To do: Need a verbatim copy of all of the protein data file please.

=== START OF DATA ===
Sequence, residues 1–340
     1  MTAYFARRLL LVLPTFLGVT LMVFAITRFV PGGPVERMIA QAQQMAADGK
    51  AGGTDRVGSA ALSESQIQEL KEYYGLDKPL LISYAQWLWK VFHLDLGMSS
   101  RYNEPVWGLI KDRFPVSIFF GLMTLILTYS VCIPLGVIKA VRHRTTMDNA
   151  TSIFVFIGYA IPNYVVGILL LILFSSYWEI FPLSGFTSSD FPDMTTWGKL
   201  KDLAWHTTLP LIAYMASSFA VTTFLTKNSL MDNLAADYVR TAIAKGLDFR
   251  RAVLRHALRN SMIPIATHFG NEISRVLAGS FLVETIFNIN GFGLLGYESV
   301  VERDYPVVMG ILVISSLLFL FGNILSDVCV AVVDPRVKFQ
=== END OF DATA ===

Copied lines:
Sequence, residues 1–340
     1  MTAYFARRLL LVLPTFLGVT LMVFAITRFV PGGPVERMIA QAQQMAADGK
    51  AGGTDRVGSA ALSESQIQEL KEYYGLDKPL LISYAQWLWK VFHLDLGMSS
   101  RYNEPVWGLI KDRFPVSIFF GLMTLILTYS VCIPLGVIKA VRHRTTMDNA
   151  TSIFVFIGYA IPNYVVGILL LILFSSYWEI FPLSGFTSSD FPDMTTWGKL
   201  KDLAWHTTLP LIAYMASSFA VTTFLTKNSL MDNLAADYVR TAIAKGLDFR
   251  RAVLRHALRN SMIPIATHFG NEISRVLAGS FLVETIFNIN GFGLLGYESV
   301  VERDYPVVMG ILVISSLLFL FGNILSDVCV AVVDPRVKFQ